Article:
Porn Prank Pesters YouTube

By  |  Wednesday, May 20, 2009 at 8:46 pm

Pranksters from the Web sites 4chan  and eBaum’s world converged on Google’s YouTube video service today for a stunt organizers called “Porn Day,” Ars Technica is reporting.

Porn day participants “carpet bombed” YouTube with pornographic videos throughout the day as YouTube struggled to remove the offending content. Explicit images remained in video thumbnails even after the videos were removed, and it will take several days for the images to be purged from YouTube’s search results, Cnet is reporting.

Google usually relies upon community ratings to flag offensive content, but it took the unusual step of disabling certain channels that were targeted by the pranksters, according to the report.

The pranksters proved that YouTube was vulnerable to abuse, but YouTuthe site’s mechanisms for removing undesirable content the worked effectively enough. It is also unlikely that “Porn Day” organizers could sustain the effort day in and day out.

While it certainly touches on how the anonymity of the Internet can be abused, the prank was just that – a prank. Whether it was funny or not remains in the eye of the beholder.

 
8 Comments


Read more: , ,

7 Comments For This Post

  1. drew Says:

    I wonder how the concept of pranks are viewed in the eyes of the law. Setting aside the wisdom of this prank, what is the cost (time, labor, reputation) to YouTube? Can they sue the “organizers” for damages? Are there real “damages” for YouTube?

  2. Paul Judd Says:

    Drew:

    While I doubt that Google (or anybody else for that matter) finds anything that these guys do is funny, it is very hard to go after them simply because the site owners go out of their way to not leave any records that could be subpoenaed (its all anonymous). My guess is that the site owners already in the clear since it would be incredibly difficult to show that they were behind any of it. At worse, the sites are simply a grounds to discussing said activity (and there is nothing illegal about that – as far as I know 4chan and ebaum go out of the way to say they are not data providers, not editors and permit anything).

    The biggest problem is that none of this is illegal – its just terms of service violation with penalty of account deletion on Google’s part. Sure they could sue, but it would be a monumental waste of time and money resulting in a loss for Google. Google knows this. Its just a hassle for them that they deal with and move on. Best thing to do is to not give these jerks the publicity they seek.

  3. drew Says:

    Paul-

    Interesting. I had not thought in terms of Google wanting to keep secrets. What if we took it down the logical line.

    Let’s say there was a very small business (Zoogle) that suffered the same level of attack, and thier system crashes, and the loss of revenue from the ads led them to fold. While, as you say, none of this illegal, it is interesting to think of how the law would view this vs. say firebombing the trucks of a shipping company. In the end, both companies are driven out of business. I seem to remember a piece here about a flight sim website that was destroyed by hackers, with a decade’s worth of material lost. I wonder when, and how, laws will (or can?) be undated to deal with “what-if” situations like this if they come to pass.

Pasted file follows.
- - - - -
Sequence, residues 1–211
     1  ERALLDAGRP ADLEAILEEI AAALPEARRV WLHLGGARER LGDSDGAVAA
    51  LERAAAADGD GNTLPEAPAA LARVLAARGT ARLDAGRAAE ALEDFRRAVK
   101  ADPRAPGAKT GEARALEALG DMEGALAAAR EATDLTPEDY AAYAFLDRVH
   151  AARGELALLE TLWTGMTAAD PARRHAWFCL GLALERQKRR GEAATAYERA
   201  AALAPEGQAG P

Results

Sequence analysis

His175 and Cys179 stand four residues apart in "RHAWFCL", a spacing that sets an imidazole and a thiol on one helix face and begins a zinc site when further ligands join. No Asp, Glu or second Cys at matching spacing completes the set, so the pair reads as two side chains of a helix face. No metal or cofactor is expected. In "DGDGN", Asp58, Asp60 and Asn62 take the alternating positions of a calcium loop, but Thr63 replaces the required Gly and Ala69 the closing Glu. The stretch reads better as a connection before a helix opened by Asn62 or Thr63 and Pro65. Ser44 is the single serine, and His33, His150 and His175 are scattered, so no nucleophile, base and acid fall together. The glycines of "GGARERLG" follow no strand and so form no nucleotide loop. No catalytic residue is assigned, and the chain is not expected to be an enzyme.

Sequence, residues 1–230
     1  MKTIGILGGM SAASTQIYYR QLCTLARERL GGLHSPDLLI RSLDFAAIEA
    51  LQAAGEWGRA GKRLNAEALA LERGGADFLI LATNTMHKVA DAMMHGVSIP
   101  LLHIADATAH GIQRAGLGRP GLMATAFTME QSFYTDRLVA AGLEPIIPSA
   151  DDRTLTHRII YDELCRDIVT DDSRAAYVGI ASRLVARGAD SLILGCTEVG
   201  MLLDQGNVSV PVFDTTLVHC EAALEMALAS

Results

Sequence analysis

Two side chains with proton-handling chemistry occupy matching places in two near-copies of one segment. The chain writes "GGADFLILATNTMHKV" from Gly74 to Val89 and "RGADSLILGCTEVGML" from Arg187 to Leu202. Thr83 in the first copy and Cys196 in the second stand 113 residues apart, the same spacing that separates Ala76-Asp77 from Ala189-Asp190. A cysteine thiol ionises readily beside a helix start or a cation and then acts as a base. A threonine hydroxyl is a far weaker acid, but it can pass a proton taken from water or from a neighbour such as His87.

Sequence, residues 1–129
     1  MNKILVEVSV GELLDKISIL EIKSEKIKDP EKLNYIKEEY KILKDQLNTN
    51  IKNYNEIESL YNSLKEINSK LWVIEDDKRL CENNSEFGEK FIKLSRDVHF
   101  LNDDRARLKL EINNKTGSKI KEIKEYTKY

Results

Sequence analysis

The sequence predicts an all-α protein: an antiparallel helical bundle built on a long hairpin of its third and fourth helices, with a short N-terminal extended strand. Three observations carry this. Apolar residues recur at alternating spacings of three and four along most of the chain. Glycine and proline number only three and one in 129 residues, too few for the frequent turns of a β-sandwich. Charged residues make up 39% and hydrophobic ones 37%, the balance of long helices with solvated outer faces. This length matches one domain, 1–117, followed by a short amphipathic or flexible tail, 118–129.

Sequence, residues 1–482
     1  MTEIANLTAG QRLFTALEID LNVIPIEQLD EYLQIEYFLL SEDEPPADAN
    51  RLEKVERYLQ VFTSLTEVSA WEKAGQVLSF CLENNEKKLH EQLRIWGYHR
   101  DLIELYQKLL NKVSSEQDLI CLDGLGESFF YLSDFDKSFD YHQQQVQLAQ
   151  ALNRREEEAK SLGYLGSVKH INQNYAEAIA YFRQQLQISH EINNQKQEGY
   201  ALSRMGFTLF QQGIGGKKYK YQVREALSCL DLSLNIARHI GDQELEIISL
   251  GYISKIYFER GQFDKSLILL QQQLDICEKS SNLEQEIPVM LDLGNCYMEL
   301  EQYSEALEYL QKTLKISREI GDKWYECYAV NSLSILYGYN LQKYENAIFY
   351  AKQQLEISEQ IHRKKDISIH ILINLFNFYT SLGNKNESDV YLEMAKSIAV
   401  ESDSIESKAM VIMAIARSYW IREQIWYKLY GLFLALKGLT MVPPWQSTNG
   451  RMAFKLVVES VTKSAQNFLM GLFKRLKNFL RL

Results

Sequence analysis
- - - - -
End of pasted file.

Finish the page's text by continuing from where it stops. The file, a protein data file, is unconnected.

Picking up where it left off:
4. Paul Judd Says:

    Drew
    Its not as if Google wants to keep anything a secret, rather they will just ignore it. Google’s infrastructure is far more expansive than a smaller player – the amount of downtime they suffer is minimal – not to mention a key guarantee – their business model does not guarantee a certain percentage of uptime. If Google goes down, well they are down. Sure a small business is different, but now you are no longer comparing apples to apples anymore since the scale is different. The problems that I brought up before are still the same, who do you sue? can you afford to sue? can you sue them (Are 4chan and ebaum physically located in the US??)

    Second, any comparisons to real physical acts are not really valid comparisons since things like firebombing involve physical acts and physical destruction. It is nowhere near comparable to bringing down a server. Their motives may be alike, but the methods are very different.

  5. Drew Says:

    Paul,

    You wrote:

    “Second, any comparisons to real physical acts are not really valid comparisons since things like firebombing involve physical acts and physical destruction.”

    This is very true, but what if the end result is the same. What if web pages become so important to not only a company’s success, but its survival? Will the laws change to criminalize these things?

    You point on who to sue is a very valid one. Let us, for the sake of argument, say there was a way to sue 4chan and ebaum. Are they worth suing? Do they have assets worth going after?

  6. Bud Fox Says:

    Just terrible, poor YouTube

  7. select001 Says:

    i dont think that you will ever be able to stop this kind of stuff, was looking for a boeing 737 throttle you should of seenthe prank adds i got on that

1 Trackbacks For This Post

  1. Prank: Youtube’s “porn day” excursion | TechFever Network | The Hot Tech News and Gadget Network Says:

    [...] day” which is what stunt organisers from the websites 4chan and eBaum’ want to call Youtube’s “pitty-the-plundered” [...]